There seems to be more information extracted from Items and Services when using the Quote form, as you can see. Still, it does not drop the entire description into the form anywhere. You’ll just have to copy and paste that into the Notes section unless the developer decides to expand on this further, and he might. But note that at least with regard to Services, the primary item description (in this case, “Voxel Quarterly WP Maintenance”) does appear in the line-item listing. The expanded description (which goes in to detail about what services are provided) does not.
As with the Invoice template, there’s a place here for Terms and Conditions. Here is where I put my standard language that the quote is good for only xx number of days and that it’s all proprietary and no copying allowed, yada, yada, yada.
Also, the Quote form is a bit more interactive because once you send it to the client, they can accept it as is or decline it. And what’s more, if they accept the quote, an invoice is automatically generated for you, so that’s one less task a busy developer has to follow up on!
As with the Invoice template, there’s even a place for you to create custom messages (configured under System Settings > Invoices & Quotes > Invoices Emails Templates and under System Settings > Invoices & Quotes > Quotes Emails Templates), where you can add custom messages to your Invoice and Quote emails so that you can provide as much information to help the client on their way.
If you don’t already have a project management system in place, you can go ahead and take full advantage of mManager’s ability to send invoices and quotes directly to the client via email. They have the option to pay online via PayPal or any number of other online payment methods, such as Stripe, and also by bank or wire transfer, and check. You can give discounts, apply credits, and do all manner of account manipulation from within the program. And the program creates a downloadable PDF which — if using the mManager system — will password-protect the PDF so that only the intended client can open it. But for me, just the fact that it takes care of invoice creation (I am terrible at math!), and creates a PDF for me that I can ultimately upload to my project management system, is all that I need for the foreseeable future.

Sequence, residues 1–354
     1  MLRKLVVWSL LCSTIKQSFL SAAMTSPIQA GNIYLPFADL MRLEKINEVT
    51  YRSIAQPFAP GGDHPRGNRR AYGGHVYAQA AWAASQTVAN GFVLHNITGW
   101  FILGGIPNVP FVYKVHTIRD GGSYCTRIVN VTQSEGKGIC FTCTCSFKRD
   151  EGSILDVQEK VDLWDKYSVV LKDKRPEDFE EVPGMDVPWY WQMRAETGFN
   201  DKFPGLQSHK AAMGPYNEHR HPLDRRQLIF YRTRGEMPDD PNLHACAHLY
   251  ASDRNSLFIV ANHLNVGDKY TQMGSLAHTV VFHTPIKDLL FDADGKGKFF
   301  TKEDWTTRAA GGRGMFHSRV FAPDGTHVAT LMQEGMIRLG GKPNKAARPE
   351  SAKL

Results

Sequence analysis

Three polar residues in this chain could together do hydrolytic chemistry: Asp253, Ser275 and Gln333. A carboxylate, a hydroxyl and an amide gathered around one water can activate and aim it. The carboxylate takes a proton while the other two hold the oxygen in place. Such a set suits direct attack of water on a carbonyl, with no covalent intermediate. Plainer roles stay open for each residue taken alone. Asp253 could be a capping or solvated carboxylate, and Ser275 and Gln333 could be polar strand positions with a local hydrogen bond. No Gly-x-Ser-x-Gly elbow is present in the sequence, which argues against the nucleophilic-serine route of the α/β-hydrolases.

As a side note, I find it alarming that several of the “big boy” invoicing systems, such as Freshbooks, for example, do not have the ability to accept Paypal. If you are in an online industry such as web development, it’s practically understood that you and your clients would want a way to continue the online experience, right through to paying for work and services! Come on, Freshbooks! It’s 2018!
Joni Mueller has been designing web sites for hire since 2003, when she first blew up her web host’s server by insisting on running Greymatter. Since then, Joni has designed for Blogger and Movable Type, TextPattern, WordPress and CMS Made Simple. She lives with her cat and shoe collection in a bucolic old section of Houston called Idylwood. For some strange reason, Joni likes to refer to herself in the third person. When she’s not working on web design, she’s ordering lawyers around. And blogging about it. Or both.